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Posts Tagged ‘Hawaii’

I have to admit, during our off season I do not check this blog very often. When the whales are gone, apparently, so am I! However, I have received a few comments recently which had reinvigorated me, and reinforced how very lucky I, along with my coleagues are, that we get to enjoy these animals when they migrate to our home.

At the moment, I am giddy for them to arrive. The first sighting has already occurred, about 2 weeks ago off of Kauai, but that does not mean I am any less excited for the first time I see my returning buddies!

After reading these recent comments, and reviewing the most recent footage, I remembered how special of an experience it is to look a whale in the eye. I recall once watching a very informative Hannah Bernard video (filmed in the early 80’s, clearly) which mentioned “looking into the eye of a whale is like looking into the eye of God.” Not being a very religious person, I didn’t connect with that too much at the time. Now, after having this experience several times for myself, I can truthfully say, it is unreal. In a single moment, a person can be humbled beyond any expectation of a humbled human life. To look a creature in the eye that is not only so large, but is also so old… is nothing short of magical. Even for the most non-beleiving among us, it would be hard to classify such an experience as anything less than spiritual.

For me, I realized in a very quick, very minute moment, that no matter how much science we have in our favor, we will never understand the world in which they live. We will never know what they know about our own planet. We will never see what they have seen. They live in a very close, yet a very alien world to us. I will forever consider them as inspirational, enduring, and incredibly wise creatures. I hope that the importance I place on these monumental examples of life that is sustained in our oceans will intrigue others, just enough, to make changes in their own lives to help this eco system prosper.

This, is my hope for our collective future.

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I can finally say that it now feels like whale season.  Although the calendar turns to December 15, it doesn’t always mean that the whales know that.  The last few days on the water, however, it has actually felt like my favorite time of year has begun.  Yesterday, we were crossing to Lana’i and had to stop several times for a variety of groups that popped up.  I had my first close encounter with a very active competition group.  There were a few boats watching them, we slowed as we approached and the female made a turn toward our boat, Trilogy VI. The five whales in the group, plus calf in tow, blew by our port side.  Mom was on a mission to get out of there, but hesitant to move too fast, in the event it would leave her little one behind. It was a “drive by” style sighting, but exciting to see.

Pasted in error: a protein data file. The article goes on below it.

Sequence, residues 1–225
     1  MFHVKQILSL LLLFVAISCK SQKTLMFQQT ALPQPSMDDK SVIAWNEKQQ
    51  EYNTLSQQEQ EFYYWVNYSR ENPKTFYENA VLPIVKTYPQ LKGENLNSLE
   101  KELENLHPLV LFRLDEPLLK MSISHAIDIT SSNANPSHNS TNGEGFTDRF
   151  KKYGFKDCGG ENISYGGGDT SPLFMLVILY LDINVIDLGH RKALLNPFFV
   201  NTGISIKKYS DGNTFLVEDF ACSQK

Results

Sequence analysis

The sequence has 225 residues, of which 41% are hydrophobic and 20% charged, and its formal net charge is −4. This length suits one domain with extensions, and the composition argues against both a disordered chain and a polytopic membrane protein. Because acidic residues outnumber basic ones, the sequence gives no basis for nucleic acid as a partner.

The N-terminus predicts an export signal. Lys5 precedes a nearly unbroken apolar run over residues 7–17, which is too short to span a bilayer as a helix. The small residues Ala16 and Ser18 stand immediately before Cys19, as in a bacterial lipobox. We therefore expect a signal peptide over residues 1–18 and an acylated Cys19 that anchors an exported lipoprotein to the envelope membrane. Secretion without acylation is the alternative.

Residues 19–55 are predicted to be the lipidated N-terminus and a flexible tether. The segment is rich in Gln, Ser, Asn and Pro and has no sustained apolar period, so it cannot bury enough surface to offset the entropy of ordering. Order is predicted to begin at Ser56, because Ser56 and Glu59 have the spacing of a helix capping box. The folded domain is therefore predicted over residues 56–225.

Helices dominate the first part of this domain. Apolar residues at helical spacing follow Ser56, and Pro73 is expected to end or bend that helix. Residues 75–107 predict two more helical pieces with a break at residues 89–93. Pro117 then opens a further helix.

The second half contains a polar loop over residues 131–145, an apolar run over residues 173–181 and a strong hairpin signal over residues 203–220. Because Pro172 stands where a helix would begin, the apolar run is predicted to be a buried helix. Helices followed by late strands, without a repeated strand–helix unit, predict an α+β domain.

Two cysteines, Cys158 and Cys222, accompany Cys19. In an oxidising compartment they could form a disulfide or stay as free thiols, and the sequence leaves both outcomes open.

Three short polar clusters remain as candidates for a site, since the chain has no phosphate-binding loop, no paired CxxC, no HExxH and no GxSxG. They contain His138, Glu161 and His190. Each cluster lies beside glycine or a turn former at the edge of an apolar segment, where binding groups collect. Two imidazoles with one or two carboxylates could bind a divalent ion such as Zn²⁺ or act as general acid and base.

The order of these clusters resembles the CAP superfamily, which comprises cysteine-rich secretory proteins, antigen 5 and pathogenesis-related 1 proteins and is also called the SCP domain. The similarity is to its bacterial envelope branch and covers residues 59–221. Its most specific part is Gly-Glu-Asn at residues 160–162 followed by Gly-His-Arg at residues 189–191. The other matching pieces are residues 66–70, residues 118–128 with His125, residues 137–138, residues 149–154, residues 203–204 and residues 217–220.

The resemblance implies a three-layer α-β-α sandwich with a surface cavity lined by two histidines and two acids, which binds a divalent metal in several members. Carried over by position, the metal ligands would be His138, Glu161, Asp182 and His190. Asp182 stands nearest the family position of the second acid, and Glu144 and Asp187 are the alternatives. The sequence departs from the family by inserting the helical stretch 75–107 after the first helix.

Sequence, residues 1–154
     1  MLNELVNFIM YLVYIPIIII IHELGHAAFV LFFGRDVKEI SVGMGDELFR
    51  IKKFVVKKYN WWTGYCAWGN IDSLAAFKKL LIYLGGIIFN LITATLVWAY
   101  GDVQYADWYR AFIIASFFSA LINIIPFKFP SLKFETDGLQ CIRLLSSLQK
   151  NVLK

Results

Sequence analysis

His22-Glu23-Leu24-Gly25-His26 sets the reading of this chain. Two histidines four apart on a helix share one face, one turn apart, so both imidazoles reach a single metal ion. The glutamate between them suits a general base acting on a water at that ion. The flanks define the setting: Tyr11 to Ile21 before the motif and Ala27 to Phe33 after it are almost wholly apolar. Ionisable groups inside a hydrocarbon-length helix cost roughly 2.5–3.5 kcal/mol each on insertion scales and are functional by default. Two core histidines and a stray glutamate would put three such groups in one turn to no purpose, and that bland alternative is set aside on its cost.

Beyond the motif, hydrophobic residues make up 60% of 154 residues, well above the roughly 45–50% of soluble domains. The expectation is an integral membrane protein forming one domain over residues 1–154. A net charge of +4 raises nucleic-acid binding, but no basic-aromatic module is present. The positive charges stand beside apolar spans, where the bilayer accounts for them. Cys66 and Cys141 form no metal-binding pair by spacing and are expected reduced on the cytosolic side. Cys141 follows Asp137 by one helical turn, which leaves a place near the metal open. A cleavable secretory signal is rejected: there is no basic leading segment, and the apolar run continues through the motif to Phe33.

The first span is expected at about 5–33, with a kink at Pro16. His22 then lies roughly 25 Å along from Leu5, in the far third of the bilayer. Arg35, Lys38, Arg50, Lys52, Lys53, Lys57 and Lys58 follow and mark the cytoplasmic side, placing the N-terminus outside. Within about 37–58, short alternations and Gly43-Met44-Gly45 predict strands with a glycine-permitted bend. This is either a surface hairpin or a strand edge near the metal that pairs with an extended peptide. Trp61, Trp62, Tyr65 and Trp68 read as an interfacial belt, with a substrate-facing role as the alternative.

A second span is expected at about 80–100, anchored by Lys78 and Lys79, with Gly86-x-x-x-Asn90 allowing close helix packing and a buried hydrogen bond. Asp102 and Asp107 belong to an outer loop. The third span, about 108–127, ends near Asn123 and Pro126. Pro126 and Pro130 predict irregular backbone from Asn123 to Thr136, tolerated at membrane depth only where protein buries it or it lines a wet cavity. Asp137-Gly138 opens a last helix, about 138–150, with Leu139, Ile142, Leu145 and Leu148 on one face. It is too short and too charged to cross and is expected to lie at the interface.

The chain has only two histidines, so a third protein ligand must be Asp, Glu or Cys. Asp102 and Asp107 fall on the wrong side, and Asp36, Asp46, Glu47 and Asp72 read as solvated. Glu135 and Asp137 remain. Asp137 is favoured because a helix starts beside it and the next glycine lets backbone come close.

Today, I worked a whale watch and sunset sail, on both trips we were focused on one group, while watching several others simultaneously.  Now, typically, this can be discouraging because it distracts our passengers from the main show which is right in front of us.  But seeing it today was reassuring and made me think that we have a good season coming our way.

No pictures or videos yet, but I am sure the good footage is just around the corner. Stay tuned…

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Yesterday’s 9:00 am whale watch was one of a kind. This is now my fifth season of watching humpbacks and their behavior, and still, I see new things all the time.

We came across what we thought was a calf. It was not moving a whole lot, the spouts were small in size, and it’s also possible my observation skills are a little rusty still. He was fairly inactive but leaving wasn’t really an option since we couldn’t see any other activity within range. We waited him out and it paid off. He eventually got moving and came straight toward us. As he got closer it was quite obvious that this was an adolescent. He was pretty erratic, moving quickly from side to side and making sharp, fast turns. It was exhausting trying to keep up! I have to admit, in all the muggings I’ve seen I haven’t had a whale actually nudge the boat. After multiple spy hops, within arms length, that’s exactly what he did! At one point it seemed like he was going to rest his nose on the swim step! This was a trip worth remembering for years to come.